Foot Locker has turned hundreds of its stores into cutting-edge sight and sound arenas. They are complete with 24 screen video walls, synchronized light shows and surround sound systems. The only problem was that with so much sound in one space, the reverberation echo created havoc in the stores.
Each arena was given the theatrical look and feel of urban back-street basketball courts and other sports venues. Then, four times every half hour, the store lights dim and a rotating set of show-stopping, two-minute sight and sound videos begin, promoting an active lifestyle. Part of the fun is that one can hear as well as see all of the action. Unless, of course, there’s so much reverberation within the store that it is impossible to tell where any sound originates. Then instead of fun and excitement, there is just indistinguishable noise.
That was the challenge facing the Foot Locker store design team: to recreate that excitement, flawlessly and cost-effectively, in hundreds of different Foot Locker outlets across the United States and Canada. But every design element that helps create excitement also creates serious acoustic problems.
“We needed to deaden the sound of the arena show”, said Joel Torielli of WJCA Project Planners and Designers of New Jersey. “Without some sort of sound attenuation, the space was just too lively.” The goal was to create a theatrical experience without using any of the traditional solutions that a movie theater relies on. None of the sound-absorbing approaches used in a theater, such as curtains, carpets, padded seating or acoustical ceiling tiles would fit in with the new Foot Locker look.
To really understand how tough a challenge the designers faced, we need to take a closer look at the Foot Locker sight and sound arena. Surrounding the customer with wood, metal and glass paneled walls, painted concrete floors and an open ceiling that exposes duct, beams and wiring creates an urban, edgy effect. All very cutting-edge and all made of sound reflective surfaces, causing serious reverberation.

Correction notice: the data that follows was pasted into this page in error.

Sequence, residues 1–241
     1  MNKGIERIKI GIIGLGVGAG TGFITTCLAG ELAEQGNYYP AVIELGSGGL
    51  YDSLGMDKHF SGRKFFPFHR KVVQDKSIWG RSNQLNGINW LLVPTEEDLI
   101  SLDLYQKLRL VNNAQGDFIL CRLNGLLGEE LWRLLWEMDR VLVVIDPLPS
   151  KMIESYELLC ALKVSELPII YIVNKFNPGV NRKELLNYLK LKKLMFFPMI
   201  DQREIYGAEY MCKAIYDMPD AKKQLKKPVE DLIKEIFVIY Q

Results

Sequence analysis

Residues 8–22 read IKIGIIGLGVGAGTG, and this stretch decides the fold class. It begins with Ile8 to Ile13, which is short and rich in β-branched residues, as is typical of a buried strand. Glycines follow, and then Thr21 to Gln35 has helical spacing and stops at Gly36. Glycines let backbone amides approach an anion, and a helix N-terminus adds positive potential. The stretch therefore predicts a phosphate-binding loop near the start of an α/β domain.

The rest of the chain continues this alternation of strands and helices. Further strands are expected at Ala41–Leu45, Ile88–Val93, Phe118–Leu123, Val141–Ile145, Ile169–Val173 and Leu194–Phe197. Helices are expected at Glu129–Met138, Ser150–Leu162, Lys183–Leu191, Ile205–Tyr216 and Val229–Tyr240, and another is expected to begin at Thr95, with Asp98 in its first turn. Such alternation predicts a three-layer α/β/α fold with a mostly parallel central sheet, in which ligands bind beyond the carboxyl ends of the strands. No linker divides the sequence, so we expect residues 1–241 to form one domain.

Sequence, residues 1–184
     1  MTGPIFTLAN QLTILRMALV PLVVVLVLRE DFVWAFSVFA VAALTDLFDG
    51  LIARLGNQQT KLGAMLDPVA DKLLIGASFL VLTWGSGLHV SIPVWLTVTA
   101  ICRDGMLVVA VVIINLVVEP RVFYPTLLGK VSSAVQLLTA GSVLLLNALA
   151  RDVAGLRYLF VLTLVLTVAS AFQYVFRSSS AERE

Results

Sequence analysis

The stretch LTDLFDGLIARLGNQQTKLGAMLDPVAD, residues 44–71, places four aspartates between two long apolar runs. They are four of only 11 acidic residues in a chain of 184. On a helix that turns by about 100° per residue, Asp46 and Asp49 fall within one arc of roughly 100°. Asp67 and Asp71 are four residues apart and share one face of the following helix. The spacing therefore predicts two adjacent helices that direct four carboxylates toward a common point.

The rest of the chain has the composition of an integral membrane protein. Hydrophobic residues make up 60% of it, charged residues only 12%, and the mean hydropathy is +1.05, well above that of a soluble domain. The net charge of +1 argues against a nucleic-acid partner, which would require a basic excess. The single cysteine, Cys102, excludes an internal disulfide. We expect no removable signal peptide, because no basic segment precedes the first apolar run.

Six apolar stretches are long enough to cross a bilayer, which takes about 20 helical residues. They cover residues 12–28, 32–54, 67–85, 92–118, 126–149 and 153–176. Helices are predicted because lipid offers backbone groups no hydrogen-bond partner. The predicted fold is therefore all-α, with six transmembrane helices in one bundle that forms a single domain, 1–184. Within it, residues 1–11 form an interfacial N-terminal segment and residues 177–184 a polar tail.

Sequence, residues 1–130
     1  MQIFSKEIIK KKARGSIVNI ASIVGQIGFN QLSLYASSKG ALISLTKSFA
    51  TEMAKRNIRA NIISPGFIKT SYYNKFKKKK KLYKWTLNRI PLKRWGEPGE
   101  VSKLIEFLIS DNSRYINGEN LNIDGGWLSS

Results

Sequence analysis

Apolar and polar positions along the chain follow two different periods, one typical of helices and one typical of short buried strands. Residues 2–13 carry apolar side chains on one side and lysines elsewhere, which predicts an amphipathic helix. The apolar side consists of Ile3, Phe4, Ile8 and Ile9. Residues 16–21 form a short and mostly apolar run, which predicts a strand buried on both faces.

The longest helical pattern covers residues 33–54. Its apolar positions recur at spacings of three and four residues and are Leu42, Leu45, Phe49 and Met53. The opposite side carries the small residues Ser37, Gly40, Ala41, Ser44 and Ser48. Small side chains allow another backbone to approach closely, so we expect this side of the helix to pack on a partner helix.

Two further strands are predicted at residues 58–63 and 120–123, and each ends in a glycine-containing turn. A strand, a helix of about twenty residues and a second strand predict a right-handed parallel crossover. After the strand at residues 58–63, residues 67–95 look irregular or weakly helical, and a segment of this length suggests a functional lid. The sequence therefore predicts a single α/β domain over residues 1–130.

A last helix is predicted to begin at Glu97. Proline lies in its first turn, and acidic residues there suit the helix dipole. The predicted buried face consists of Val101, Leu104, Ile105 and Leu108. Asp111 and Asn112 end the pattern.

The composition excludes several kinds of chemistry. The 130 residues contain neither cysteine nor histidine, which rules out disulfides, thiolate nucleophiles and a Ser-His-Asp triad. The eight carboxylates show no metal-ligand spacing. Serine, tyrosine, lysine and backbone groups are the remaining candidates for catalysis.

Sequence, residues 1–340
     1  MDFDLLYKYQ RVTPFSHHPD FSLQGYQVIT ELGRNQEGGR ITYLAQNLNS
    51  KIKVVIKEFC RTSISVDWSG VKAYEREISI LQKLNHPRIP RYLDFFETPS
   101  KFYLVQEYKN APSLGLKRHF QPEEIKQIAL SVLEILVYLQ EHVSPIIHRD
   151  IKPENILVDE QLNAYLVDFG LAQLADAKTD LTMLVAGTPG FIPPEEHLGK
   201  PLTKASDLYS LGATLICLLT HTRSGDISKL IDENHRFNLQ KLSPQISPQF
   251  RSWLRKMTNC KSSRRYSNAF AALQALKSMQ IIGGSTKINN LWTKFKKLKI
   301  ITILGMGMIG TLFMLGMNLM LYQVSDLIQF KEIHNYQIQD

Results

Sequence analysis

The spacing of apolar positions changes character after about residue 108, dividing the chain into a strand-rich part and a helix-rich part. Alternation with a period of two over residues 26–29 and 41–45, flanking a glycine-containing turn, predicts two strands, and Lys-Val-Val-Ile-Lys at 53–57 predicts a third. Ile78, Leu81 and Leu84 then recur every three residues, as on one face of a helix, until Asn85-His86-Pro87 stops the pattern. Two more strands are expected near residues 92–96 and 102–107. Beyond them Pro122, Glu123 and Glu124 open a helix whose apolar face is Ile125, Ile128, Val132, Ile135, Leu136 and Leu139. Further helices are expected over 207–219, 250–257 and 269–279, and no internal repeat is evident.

Why is Reverberation a Problem?
When sounds have lots of hard surfaces to bounce off, they hang in the air longer. If one sound can still be heard when the next sound arrives, each becomes more difficult to distinguish. The end result of too many sounds clashing is an echo-chamber-like blur. A listener cannot tell one sound from another or where the sound is coming from. The “high tech” look of the arena’s exposed ceiling posed yet another acoustic challenge. Those ducts and pipes don’t just reflect sounds, they create them. The HVAC duct-work provides a year-round “whoosh” of sound that cuts in and out at the most inappropriate times—say, during a dramatic pause in the video soundtrack.
An additional challenge was that the stores are all different sizes and shapes. The prototype arena may well have offered the toughest acoustic environment. Boston’s Arsenal Mall is a brick structure. As its name implies, it originally housed a weapons manufacturing plant and was used for munitions testing. It’s brick walls, concrete floors and high open ceilings may have been the ideal setting for an athletic store. However, it is also an acoustic nightmare for a state-of-the-art sound experience.
The solution took shape, literally, in the form of acoustic panels. To maintain the arena look, the team choose the Sonex® One Acoustic Foam panels and installed them high on the walls above normal ceiling height. “The high ceilings were part of the unfinished look that we wanted, but the extra height added to the reverberation problem”, said Torielli. “Covering the perimeter with the foam controlled the noise problem. And the pattern of the panels fit right in with the edgy look and feel of the arena setting.”
Many of the other stores quickly followed the Arsenal Mall store. Almost none posed quite as tough an acoustic challenge as the prototype store, which made for an interesting irony. Though the other stores didn’t need as many panels to get the desired acoustical effect, the panel’s high-tech look had become a key element of the overall image of the stores. The designer opted to keep the full complement of panels in all of the other store arenas. The result is a uniform store design that draws customers to the excitement without driving them away because of the noise.
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